Applying the correct boundary condition in FEA Analysis it’s imperative, otherwise the risk is to get useless results because the setup was faulty. Using the correct tool so It’s very important when you have in mind what to apply and you want the most realistic behavior from your analysis.
In this article I will explore the use of Coupling connector that helped me define the best setup in many cases and not only. It is also very important to get the results you want in the easiest way.
The Coupling connector is not really unique to Structural Professional Engineer but I’ll show you that is going far beyond the “standard” use in other packages. In SOLIDWORKS Simulation for example we can use similarly the remote load/mass connector for imposing special boundary conditions but it hasn’t all the plus of the Coupling connector. Take a look here for more information.
With it we can:
- Setup a single point of application for Loads (Force and displacements) and Restraints
- We can connect single or multiple surfaces to a virtual “center of geometry” point.
- We can connect couples of multiple surfaces with a direct or averaged connection
- We can define a single sensor for Force-Displacement plots
Let’s view now the simplest way to use it.
I will take as an example this rubber part that I want to analyze in compression. To setup the coupling connector we can just click on the top surface and leave the default type “continuum distributing”.
It will create a single point at the center of the surface coupling the motion of the face to the motion of the reference point. The coupling is averaged with weight factors controlling the transmission of forces from the reference point to the support.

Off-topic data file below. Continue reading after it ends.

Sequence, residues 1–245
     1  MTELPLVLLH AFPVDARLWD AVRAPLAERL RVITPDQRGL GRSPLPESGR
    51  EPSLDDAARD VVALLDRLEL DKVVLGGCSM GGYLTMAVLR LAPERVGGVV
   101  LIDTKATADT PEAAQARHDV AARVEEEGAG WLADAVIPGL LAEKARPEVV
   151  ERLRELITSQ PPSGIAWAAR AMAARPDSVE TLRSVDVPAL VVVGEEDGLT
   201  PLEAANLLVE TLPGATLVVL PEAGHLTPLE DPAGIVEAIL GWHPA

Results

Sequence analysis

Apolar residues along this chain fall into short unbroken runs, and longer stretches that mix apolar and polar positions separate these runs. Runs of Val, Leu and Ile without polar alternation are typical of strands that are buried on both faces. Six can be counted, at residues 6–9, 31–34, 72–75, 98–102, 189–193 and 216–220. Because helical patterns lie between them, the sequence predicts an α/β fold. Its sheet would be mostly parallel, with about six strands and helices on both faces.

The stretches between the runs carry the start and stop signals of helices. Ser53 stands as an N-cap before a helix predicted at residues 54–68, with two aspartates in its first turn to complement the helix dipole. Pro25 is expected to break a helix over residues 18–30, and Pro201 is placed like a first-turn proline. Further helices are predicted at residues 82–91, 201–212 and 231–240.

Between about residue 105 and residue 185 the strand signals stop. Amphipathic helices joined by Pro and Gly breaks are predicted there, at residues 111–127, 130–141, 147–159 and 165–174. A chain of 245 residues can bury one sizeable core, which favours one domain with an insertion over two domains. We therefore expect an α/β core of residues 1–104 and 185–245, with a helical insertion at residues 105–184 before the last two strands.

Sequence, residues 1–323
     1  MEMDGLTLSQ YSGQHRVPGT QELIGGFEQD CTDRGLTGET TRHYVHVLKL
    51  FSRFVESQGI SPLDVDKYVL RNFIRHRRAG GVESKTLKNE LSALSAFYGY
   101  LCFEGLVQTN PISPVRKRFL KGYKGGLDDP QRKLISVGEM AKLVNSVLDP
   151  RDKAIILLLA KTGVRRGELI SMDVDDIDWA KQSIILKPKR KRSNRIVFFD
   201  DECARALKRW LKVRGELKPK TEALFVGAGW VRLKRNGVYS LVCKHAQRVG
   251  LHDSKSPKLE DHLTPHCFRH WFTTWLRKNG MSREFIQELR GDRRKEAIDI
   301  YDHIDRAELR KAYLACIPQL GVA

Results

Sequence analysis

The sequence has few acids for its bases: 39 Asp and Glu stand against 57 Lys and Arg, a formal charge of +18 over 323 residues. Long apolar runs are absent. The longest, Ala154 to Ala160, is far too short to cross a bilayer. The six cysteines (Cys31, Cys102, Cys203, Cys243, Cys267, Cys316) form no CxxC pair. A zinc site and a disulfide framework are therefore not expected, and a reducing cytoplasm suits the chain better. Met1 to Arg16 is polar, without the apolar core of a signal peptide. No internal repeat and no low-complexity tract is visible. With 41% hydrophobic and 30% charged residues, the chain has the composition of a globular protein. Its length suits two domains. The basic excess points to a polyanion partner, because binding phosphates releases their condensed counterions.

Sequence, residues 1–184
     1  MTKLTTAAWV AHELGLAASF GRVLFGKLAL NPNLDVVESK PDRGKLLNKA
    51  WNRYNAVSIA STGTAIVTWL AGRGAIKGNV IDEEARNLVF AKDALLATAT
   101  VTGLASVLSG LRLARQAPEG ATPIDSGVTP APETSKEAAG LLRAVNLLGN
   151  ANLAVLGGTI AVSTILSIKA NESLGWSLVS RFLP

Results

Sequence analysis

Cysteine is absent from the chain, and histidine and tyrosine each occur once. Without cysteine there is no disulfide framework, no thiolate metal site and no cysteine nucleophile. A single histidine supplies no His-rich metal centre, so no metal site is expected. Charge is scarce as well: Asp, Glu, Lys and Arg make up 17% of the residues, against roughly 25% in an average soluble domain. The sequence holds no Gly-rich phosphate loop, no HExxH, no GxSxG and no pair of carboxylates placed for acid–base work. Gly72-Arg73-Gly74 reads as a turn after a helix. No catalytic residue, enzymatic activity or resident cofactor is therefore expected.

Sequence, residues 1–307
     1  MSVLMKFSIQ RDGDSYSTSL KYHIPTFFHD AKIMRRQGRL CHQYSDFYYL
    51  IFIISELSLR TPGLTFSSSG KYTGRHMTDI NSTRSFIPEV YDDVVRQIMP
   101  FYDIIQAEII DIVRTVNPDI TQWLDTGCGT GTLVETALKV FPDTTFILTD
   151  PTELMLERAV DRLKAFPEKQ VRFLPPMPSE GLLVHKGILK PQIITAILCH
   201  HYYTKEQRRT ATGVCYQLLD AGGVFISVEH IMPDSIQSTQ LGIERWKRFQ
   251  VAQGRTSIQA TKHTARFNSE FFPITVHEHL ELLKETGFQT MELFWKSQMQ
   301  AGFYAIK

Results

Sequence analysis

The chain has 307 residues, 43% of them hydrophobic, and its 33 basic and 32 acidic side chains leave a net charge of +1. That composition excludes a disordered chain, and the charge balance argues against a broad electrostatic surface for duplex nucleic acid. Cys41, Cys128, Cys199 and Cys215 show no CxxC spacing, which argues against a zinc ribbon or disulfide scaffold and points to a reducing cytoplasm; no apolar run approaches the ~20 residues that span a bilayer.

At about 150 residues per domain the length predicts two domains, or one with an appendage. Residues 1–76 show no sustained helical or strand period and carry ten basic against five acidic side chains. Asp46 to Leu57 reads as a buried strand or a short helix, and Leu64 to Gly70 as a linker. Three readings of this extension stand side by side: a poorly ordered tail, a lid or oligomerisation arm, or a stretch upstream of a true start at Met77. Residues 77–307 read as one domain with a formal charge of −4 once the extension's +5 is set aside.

A continuum distributing coupling couples the translation and rotation of the reference point to the average translation of the coupling nodes. No moments are distributed at the coupling nodes.
Optionally we can also input spring constant for the connection.
Once it’s done, I can use it for define restraints and load. Very easily I can just click on the right arrow icon and select connection and I can select the coupling from the list.
Now I can define a sensor for the Forces and Displacement over the coupling point. This will help me create a plot later with ease. I go to the Simulate Tab of Structural Scenario and click on Output.
Here I can again select the coupling and all the results I want related to it (Forces and Displacements in this case).
Reaction Forces will have a value in case you are applying a displacement, Concentrated Forces if you have a Force on the coupling connector.
Finally when you have results loaded you can define a Force-Displacement plot from the Coupling connector.
To do so click on X-Y Plot from history and choose Reaction Forces and the component you want to plot in Y Axis, then instead of time choose a variable for X-axis and select the displacement component.
You will get a plot like this in the picture where you can analyze the behavior of the coupling connector.
Hope this helps, enjoy your analysis with Structural Professional Engineer.